A similar strategy can be implemented by means of emerging architecture paradigms such as the Software-Defined Networking (SDN).

For this reason, we propose a centralized architecture where a Network Control Unit (NCU) provides the LPSs (see Figure

System diagram.

We focus our attention on the network-wide power saving strategies, which are able to exploit the energetic characterization of the power-aware network devices. As presented in [

A first set of activities has been aimed at defining models for the PAND problem. In particular, [

A second set of works has been focused on the definition and the solution of the PAR problem. In [

A third set of works has been devoted to jointly consider the power aware routing and the network design problems (i.e., PARND). The problem is discussed in [

On the other hand, to the best of our knowledge, none has deeply analyzed both the performance and the actual applicability of a general network-wide problem like PARND-BL, proposed in [

Let us introduce the parameters and the notation used in the paper. The starting point of the analysis is a network modelled as a directed graph

The following parameters are assumed to be given in order to characterize the power consumption of the network elements:

Since each logical link is generally composed of a set of PICs, the overall power consumption for the traffic transmission on a link

Concerning the traffic demand and the capacity of nodes and links, we define the following parameters:

Three sets of variables are defined:

The traffic throughput of node

For reducing the overall power consumption of a network with bundled links, we define the

The above introduced PARND-BL problem leads to a Mixed Integer Nonlinear Programming (MINLP) design and routing model, which can be formulated as follows:

Equations (

For solving PARND-BL, we propose a new heuristic, called

The FGH heuristic uses the Maximum Spare Capacity (MSC) problem as building block. Taking into account the notations introduced in the previous section, the MSC problem can be formulated as follows:

The initialization of the FGH heuristic consists in solving the MSC problem to obtain the flow

After the initialization, the link with the greatest spare capacity is identified; that is, FGH finds the

Focusing on the ability of powering off link/PICs, HPARND-BL mainly differs from FGH in two aspects: (i) at each iteration a PIC is removed if the overall power consumption is actually reduced, (ii) and the Power-Aware Routing (PAR) problem is used as a building block in place of MSC. Furthermore, HPARND-BL is able to power off nodes. Therefore, HPARND-BL can exploit the ability of the chassis to be powered off, and this is particularly relevant when the power consumption due to route processor is dependent on the node throughput. In this case, the power consumption due to route processor has to be explicitly addressed in the problem formulation, and just to power off links/PICs does not necessarily determine a reduction of the overall network consumption.

The considered PAR problem consists in determining the traffic routing strategy that permits to reduce the overall power consumption of the network by taking into account only the power consumption of the nodes concerning the route processor, that is,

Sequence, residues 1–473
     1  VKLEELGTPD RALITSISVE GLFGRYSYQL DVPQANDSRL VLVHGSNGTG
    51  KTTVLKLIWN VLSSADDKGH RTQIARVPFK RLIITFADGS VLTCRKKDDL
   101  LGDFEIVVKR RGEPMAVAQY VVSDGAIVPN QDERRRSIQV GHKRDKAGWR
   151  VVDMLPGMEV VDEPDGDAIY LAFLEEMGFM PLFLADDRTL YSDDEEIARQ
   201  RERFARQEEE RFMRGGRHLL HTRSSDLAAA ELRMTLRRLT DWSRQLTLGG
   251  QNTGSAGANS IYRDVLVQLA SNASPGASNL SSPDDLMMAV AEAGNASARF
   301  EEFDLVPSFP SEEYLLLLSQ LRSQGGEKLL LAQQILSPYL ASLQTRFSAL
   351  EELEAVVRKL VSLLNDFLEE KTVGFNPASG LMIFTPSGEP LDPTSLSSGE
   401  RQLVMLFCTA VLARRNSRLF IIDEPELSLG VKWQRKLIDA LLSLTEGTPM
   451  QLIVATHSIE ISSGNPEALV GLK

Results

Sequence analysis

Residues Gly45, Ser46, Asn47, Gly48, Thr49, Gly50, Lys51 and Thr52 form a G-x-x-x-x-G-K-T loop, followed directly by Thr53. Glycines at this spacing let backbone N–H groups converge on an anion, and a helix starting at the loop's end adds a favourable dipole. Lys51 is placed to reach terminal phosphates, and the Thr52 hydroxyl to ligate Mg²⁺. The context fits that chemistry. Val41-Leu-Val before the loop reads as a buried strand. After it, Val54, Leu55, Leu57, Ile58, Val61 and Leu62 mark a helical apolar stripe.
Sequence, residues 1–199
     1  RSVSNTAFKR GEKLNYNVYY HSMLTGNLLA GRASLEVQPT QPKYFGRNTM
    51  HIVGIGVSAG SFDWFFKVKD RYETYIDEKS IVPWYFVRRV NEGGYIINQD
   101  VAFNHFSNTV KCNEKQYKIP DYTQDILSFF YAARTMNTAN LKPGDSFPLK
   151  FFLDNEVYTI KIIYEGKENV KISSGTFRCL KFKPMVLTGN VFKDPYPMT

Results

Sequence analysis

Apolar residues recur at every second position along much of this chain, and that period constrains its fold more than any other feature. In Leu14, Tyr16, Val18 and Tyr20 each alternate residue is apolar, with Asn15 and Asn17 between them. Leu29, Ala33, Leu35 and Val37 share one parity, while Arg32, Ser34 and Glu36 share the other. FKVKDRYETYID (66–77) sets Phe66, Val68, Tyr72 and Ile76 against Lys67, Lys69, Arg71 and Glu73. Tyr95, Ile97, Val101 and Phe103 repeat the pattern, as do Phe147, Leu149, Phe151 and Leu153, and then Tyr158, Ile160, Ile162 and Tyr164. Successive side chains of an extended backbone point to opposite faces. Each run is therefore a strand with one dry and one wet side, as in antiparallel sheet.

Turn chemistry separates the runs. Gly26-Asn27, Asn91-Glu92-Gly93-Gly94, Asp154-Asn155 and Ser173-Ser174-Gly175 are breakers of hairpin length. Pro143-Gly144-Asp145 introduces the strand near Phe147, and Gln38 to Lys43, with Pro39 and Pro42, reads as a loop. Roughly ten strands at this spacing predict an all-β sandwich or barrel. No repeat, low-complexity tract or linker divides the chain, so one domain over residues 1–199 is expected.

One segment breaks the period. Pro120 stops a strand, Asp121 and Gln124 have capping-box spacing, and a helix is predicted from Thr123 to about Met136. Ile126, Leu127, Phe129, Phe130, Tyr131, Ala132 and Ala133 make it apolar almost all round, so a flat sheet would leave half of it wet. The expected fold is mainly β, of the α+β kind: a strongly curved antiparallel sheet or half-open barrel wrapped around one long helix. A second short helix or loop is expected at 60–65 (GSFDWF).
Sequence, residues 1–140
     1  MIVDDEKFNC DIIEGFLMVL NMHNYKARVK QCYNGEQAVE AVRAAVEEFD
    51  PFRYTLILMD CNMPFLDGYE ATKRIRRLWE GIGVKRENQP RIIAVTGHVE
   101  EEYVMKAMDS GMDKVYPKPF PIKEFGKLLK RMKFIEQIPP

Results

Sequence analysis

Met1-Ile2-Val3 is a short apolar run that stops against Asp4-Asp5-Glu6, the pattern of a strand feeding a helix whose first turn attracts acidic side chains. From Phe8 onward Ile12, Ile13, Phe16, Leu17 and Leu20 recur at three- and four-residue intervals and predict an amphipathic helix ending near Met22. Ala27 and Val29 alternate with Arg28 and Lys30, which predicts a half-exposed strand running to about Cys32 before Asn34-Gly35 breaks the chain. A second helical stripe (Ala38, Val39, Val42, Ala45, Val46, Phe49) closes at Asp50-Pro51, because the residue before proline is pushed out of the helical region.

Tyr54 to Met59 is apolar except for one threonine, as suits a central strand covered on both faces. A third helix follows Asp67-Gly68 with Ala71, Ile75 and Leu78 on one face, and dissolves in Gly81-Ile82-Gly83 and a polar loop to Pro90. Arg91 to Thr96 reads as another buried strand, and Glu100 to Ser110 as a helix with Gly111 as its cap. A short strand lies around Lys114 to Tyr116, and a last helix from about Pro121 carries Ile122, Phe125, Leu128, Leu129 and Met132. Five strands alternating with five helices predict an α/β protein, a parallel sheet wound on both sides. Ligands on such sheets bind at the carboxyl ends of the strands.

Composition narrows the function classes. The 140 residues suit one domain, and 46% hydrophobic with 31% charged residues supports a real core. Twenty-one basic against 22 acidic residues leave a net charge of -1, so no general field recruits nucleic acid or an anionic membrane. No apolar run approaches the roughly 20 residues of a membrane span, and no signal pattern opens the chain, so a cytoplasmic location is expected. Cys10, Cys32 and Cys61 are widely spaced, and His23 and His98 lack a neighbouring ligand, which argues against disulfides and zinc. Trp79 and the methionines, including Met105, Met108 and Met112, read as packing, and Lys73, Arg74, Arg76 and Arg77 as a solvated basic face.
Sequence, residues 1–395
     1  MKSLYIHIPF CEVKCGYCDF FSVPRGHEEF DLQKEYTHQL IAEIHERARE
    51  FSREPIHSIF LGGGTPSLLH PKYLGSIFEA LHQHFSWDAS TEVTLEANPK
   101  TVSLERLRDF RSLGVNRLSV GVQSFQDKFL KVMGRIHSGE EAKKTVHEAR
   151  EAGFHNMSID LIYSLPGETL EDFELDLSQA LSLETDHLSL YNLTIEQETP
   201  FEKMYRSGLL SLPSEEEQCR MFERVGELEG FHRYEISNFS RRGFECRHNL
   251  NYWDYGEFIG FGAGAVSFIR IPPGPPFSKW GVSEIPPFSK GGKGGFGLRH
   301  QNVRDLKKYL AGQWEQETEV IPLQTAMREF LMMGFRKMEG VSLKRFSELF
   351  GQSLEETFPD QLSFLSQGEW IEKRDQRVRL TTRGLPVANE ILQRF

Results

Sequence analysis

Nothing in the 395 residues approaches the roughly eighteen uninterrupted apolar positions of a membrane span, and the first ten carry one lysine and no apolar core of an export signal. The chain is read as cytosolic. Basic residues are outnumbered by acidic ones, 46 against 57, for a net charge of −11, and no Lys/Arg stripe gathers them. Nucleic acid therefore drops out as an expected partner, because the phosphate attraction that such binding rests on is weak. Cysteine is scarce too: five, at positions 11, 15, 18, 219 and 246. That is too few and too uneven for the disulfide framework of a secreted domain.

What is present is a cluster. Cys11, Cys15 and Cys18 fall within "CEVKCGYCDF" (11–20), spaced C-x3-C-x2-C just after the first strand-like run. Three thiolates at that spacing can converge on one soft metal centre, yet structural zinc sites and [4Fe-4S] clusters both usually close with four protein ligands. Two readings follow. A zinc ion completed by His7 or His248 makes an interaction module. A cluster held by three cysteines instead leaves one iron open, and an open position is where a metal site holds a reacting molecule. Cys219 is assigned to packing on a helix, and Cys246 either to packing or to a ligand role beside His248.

PAR problem has been solved by means of Ipopt [

In Algorithm

(1) Solve PAR

(2) Remove PICs to match flows and set

(3) Initialize

(4)

(5) Sort vertices (greatest spare capacity);

(6)

(7) Disable the first vertex

(8) Set

(9) Solve PAR

(10)

(11) Remove vertex

(12) Update

(13)

(14) Enable vertex

(15)

(16)

(17)

(18)

(19) Sort links (greatest spare capacity);

(20)

(21) Select the first link

(22) Disable one PIC from selected link

(23) Solve PAR

(24)

(25) Remove PIC from

(26) Update

(27)

(28) Enable PIC and

(29)

(30)

(31)

In the following section, we present some implementation issues to enhance the computational efficiency of the approach, to take into account the Quality of Service (QoS), and to evaluate the applicability of the proposed solutions in a real network scenario.

In order to reduce the computational effort, we indeed considered and implemented aggregated versions of the flow variables, where all the commodities having the same origin node are considered to be “the same kind of flow.”

We have modified the constraints (

Consequently, the flow conservation constraints (

These modifications reduce the number of the flow variables from

In order to take into account the QoS in the considered problem, we have limited the link utilization by multiplying

The solution of the PARND-BL formulation and the related heuristic provides the set of flow variables. Therefore, for providing the LSPs, as discussed in Section

Note that the splitting of a traffic demand into too much LSPs can deteriorate the performance of the networks, due to the overhead of the signalling protocols used to create and manage LSPs. Hence, the solution should limit to few units the number of paths used to support the traffic of each origin-destination pair [

The Multidestination Flow Decomposition Heuristic (MD-FDH) is a new heuristic for decomposing a flow (one-source multiple destinations) into a set of paths that is based on a heuristic proposed in [

After initializing the

(1) Given a source

demand

(2) Residual topology

(3) Initialize

(4)

(5) Set

(6) Select the destination node

(7) Find the path

(8) Compute

(9) Update

(10) Set

(11)

(12)

The simulation analysis is devoted to evaluate the impact of the diverse parameters of the network scenario on the performance of the described solutions. In particular, we take into account the network topology, the energy behavior of the network equipment, the traffic load, and the QoS requirements.